In big enough cities there are bars with different cultures - if you go to bars that hold readings or host alternative bands, you'll get a different audience than the local college bar full of frat boys. But if you said "starbuck" to them, they'd be more likely to think of moby dick, I'd think, which is really closer to the lattes, since that's what the coffee shop is named after. (I don't know who your character is). But what it comes down to is, if you go to a place where people congregate for the sole purpose of getting drunk, you're gonna meet the kind of people who like to do that. If you go to the kind of place where there is some other cultural aspect going on, you'll find common ground with that. If you're looking for gaming / techie interests, you can check out conventions & the like. There have been some bars that have tried to work off the techie angle, but the thing is people who are really into that are less likely to be really committed drinkers, and bars ultimately depend on the "regulars", so they don't usually last.
posted by mdn at 3:49 PM on December 17, 2007


Well, I am going to speak to the former, WCityMike, because I think this thread is already filled with great suggestions for the latter.

Now, you probably don't want to hear this, but I suggest giving up on this idea of a geek meat market. You're essentially asking "Where can I find other people who I can identify with on a non-superficial level in an environment designed for superficial interaction?"

The whole thing about a "meat market" is that people go there to get laid and that's it. It's a shallow experience by design. You go, you drink, you find someone attractive, you flirt, you drink some more, you make out in the parking lot, you stumble home together. People don't go to meat markets to have scintillating conversations.

Which is not to say that there aren't geeky girls to be found at your average singles bar. Or non-geeky girls that you may (*gasp*) actually be able to get along with. But if you're going to put an arbitrary constraint on yourself like "I can only have sex with people that are familiar with the TV shows I enjoy," then you'll have to work a little harder then most to find them because, duh, it's an arbitrary constraint.

May I make a suggestion? Try these "normal" singles bars, but do it without the prejudice that your question is loaded with. Believe it or not, singles bar are not generally filled with "Plasticine women who are looking to latch onto the next golden ticket to walk into the bar." Don't judge women based on whether "Starbuck" makes them think of BSG or coffee or Moby Dick. All kinds of people wants to get laid, son. Go, get drunk, have fun, mindlessly flirt if that's what you want.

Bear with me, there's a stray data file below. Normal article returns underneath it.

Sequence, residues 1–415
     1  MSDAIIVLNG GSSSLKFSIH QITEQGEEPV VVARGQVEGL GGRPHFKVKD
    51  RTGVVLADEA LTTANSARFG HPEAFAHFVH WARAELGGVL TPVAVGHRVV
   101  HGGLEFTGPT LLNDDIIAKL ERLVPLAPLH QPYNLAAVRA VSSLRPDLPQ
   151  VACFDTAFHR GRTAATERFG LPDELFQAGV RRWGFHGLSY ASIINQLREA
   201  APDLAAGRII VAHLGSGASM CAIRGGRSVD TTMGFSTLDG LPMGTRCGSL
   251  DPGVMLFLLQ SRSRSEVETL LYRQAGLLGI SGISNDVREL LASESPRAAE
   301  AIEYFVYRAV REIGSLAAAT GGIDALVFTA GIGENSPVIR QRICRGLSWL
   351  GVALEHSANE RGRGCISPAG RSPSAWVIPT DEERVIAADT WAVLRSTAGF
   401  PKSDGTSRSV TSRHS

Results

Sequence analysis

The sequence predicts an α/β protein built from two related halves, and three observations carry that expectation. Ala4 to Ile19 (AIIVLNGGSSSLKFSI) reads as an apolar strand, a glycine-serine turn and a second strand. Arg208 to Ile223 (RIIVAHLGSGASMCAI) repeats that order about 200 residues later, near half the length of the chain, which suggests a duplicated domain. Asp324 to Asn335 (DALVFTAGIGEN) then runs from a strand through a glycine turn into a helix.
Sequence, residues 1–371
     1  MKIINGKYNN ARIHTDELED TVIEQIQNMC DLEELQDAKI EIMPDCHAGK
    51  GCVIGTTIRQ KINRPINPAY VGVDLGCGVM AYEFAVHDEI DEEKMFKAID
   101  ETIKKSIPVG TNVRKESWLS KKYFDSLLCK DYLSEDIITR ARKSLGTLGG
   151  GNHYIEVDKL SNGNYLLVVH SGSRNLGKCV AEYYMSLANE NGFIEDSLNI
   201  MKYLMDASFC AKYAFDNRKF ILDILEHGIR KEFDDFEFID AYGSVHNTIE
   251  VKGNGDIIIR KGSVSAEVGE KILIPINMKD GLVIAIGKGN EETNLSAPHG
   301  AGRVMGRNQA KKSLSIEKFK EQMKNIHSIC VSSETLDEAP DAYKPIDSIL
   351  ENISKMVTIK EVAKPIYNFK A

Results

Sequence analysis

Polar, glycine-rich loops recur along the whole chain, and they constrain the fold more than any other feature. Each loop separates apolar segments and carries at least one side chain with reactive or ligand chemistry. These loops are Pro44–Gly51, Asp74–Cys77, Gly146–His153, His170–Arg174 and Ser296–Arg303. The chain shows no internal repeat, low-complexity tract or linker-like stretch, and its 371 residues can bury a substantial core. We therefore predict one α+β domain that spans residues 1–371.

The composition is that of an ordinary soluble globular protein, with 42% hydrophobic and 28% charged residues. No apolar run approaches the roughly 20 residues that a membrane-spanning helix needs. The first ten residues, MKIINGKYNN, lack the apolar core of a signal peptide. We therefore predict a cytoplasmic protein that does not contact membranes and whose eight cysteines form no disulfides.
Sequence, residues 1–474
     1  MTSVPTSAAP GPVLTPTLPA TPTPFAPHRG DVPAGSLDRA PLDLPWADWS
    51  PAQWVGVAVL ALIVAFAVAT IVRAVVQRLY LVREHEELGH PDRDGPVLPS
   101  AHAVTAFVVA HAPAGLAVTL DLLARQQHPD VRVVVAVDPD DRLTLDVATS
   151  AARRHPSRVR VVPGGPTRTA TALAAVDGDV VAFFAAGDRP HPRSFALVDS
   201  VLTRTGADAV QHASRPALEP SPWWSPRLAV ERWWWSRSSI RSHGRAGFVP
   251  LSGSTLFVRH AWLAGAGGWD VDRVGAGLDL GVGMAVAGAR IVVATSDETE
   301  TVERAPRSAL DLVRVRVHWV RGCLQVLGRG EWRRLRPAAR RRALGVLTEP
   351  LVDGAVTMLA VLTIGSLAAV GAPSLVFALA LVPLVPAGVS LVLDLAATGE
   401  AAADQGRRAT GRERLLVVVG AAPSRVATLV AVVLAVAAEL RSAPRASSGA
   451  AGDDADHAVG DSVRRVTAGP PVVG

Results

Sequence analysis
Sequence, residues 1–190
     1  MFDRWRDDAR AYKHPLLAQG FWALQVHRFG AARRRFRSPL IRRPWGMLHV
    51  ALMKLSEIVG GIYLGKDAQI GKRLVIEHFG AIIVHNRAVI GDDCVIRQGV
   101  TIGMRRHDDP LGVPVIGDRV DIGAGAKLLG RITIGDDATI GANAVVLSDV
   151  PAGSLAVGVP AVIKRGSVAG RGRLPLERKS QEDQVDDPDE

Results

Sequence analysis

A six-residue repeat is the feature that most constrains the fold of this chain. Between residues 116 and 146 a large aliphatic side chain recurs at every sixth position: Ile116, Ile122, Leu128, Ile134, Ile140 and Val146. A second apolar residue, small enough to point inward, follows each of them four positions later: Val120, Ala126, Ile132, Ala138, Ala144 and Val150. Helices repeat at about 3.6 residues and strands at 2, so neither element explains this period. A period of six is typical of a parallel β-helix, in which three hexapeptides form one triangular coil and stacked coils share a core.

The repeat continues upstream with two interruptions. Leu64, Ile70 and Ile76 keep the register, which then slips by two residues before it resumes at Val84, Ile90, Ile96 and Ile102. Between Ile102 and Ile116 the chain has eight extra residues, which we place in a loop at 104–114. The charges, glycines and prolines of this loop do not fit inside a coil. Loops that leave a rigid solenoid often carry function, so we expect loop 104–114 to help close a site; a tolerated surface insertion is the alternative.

posted by turaho at 3:51 PM on December 17, 2007 [2 favorites]


I would like to second Hyde Park since there seem to be lots of cool intellectuals. I would advise that a lot of people don't go to bars; however, I think you'll find what you are looking for at the two or three in the neighborhood.
posted by aetg at 4:16 PM on December 17, 2007


turaho: May I make a suggestion? Try these "normal" singles bars, but do it without the prejudice that your question is loaded with. Believe it or not, singles bar are not generally filled with "Plasticine women who are looking to latch onto the next golden ticket to walk into the bar." Don't judge women based on whether "Starbuck" makes them think of BSG or coffee or Moby Dick. All kinds of people wants to get laid, son. Go, get drunk, have fun, mindlessly flirt if that's what you want.

Yes. To extend on this, try to be a bit more open-minded. Not all "plasticine" women are looking for a sugar daddy. Some of them might be really smart, or interested in the things you are. Maybe appearances are deceiving. Maybe they've never met someone who brings out their nerd side. Maybe they've got intellectual preoccupations but they're just not the same as yours. There are as many possibilities out there as there are people, because people aren't stereotypes.

The problem I see with your approach is that you've got a specific person already in mind. She might not even exist, and if you don't open your mind, you might miss someone even better.

I don't want to hear an eligible guy hating on "plasticine" women because it shows that he judges books by covers, and I could be next.
posted by loiseau at 5:17 PM on December 17, 2007